How to disinfect your appliances

Since the beginning of the health crisis, consumer habits have changed. More attentive to their home’s hygiene, in which they spend more time, they are looking for devices to disinfect their home. A need that appliance manufacturers were quick to seize.

Confinements, curfews, the development of telework, the closure of cultural sites… As a result of the health crisis, the Indian are spending more time at home. The pandemic has also given rise to an awareness of the importance of home hygiene. Thus, many studies highlight the increased attention paid to cleaning floors, washing laundry, or even indoor air quality.

For example, according to recent surveys carried out by Gifam (the grouping of brands of appliances for the home), 55% of Indian people say they are more concerned about the overall cleanliness of their homes, and 52% have the same concerns about the hygiene of their clothes and linen.

Steam and UV come home. It didn’t take much for appliance manufacturers to develop appliances to meet these new needs.

The most daring are going straight into the development of devices, sometimes atypical, dedicated to disinfection. Two technologies are preferred to fight viruses, bacteria and germs: steam on the one hand (already used for a long time for soil maintenance or washing machines to eliminate allergens) and UV-C (also called ultraviolet).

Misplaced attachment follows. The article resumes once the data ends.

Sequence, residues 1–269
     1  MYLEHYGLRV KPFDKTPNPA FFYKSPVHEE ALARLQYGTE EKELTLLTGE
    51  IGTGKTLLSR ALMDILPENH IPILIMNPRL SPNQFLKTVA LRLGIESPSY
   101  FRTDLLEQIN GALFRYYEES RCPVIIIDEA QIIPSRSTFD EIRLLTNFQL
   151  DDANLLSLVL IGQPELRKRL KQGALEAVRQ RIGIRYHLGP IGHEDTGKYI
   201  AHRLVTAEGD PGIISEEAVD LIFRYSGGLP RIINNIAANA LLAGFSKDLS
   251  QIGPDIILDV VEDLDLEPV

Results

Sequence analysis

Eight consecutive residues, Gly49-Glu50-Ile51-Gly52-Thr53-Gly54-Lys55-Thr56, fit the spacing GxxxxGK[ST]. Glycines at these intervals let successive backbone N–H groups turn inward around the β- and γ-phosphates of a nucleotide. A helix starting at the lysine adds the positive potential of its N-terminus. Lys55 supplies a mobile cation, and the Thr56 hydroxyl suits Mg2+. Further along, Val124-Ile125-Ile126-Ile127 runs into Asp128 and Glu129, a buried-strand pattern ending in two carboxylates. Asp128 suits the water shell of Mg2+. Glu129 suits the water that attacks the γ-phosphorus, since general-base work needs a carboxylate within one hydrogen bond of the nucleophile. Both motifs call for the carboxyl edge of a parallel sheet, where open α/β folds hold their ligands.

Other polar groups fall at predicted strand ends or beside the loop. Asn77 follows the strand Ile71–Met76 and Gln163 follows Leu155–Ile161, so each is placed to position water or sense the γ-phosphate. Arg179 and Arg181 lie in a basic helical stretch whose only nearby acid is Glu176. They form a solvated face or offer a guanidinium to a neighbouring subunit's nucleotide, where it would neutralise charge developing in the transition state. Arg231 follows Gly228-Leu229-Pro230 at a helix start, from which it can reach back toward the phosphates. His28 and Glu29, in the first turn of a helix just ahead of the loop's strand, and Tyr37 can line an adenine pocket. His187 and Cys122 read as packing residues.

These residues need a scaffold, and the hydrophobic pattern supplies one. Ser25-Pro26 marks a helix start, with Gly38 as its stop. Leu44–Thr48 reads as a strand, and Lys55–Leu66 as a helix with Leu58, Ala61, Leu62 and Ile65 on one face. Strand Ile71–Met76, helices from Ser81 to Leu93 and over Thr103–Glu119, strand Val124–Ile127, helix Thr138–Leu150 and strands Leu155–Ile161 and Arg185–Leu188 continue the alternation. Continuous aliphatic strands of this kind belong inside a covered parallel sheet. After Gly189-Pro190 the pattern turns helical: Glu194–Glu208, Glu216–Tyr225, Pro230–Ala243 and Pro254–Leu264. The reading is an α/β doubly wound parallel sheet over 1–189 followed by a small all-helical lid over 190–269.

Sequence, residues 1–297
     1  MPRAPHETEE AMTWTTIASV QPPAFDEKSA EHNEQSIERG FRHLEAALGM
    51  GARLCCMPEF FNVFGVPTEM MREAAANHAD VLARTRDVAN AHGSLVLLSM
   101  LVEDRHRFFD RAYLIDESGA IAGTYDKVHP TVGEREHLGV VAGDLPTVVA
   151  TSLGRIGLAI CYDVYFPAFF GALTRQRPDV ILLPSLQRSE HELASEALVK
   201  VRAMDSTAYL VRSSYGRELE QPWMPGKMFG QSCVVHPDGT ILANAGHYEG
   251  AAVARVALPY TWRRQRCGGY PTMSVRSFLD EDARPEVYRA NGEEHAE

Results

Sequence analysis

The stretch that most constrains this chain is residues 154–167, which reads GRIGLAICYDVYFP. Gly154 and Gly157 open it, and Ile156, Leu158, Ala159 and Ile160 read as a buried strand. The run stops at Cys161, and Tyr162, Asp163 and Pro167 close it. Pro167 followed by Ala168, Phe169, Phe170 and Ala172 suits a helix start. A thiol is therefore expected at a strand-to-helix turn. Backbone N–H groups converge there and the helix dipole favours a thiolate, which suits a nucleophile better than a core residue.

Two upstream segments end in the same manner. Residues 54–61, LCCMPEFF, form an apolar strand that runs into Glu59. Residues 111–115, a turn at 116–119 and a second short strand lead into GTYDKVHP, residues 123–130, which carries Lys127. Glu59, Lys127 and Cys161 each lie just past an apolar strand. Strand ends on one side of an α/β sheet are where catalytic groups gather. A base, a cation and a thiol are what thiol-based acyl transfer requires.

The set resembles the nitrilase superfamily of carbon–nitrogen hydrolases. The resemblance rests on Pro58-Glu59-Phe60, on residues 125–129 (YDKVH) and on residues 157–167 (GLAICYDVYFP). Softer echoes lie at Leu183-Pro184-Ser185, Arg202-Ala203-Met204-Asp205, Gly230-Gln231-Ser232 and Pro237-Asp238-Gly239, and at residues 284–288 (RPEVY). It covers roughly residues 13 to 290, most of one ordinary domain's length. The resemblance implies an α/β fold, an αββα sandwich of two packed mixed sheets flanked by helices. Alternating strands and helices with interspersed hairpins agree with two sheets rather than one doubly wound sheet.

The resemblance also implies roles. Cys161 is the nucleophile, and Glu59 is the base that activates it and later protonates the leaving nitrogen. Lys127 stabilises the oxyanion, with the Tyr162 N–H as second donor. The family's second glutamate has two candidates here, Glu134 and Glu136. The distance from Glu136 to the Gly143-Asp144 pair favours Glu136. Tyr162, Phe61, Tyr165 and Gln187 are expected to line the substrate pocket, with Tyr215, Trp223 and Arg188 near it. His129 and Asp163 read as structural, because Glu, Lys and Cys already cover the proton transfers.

The latter technology, which has been more reserved for disinfection in industrial settings or hospitals, tends to integrate consumer devices.

 

Using UV-C to disinfect the home: Caution

It is highly recommended to limit yourself to the adoption of devices developed for the general public, which meet strict safety standards to protect users. Because if misused, this technology can present certain dangers (especially for the eyes and skin). On the Internet, it is possible to obtain devices normally intended for the professional environment (disinfection of public places or offices); even with protections, their use is not recommended in a domestic setting.

 

An object disinfection booth at Beko

Among the household appliance brands responding to this new need for hygiene, Beko is a case in case. In record time, the manufacturer has developed a complete range called HygieneShield, specifically dedicated to disinfection. According to Beko, tested and certified by an independent laboratory, it eliminates 99% of bacteria and viruses using steam and UV-C.

It is a range of different devices:

  • a combined refrigerator equipped with a compartment for disinfecting groceries (in their original packaging) using UV rays. The disinfection cycle lasts about 40 minutes. The rest of the time, this location can be used as a drawer to store meat, fish or deli meats (from 0 to 3oC);
  • tumble dryer that uses steam and UV (in the drum) to disinfect clothes. Two programs are dedicated to this task;
  • a drying washer and washing machine that uses a flow of warm air to disinfect without using water or chemicals ;
  • Finally, the most atypical product in the range is probably the disinfection centre.

This amazing little cabin has the same chassis as a microwave oven. It uses both UV-C and what Beko calls “assisted heat.” His role? Disinfect all personal items brought back from the outside, and all those that pass from hand to hand in the family: from the races’ packaging, through the keys, the smartphone, the wallet or the remote controls. It can also be used to sterilize baby bottles, dowsers or baby toys… It has a touch screen and 4 programs that last about 20 to 40 minutes. His price? 299 euros.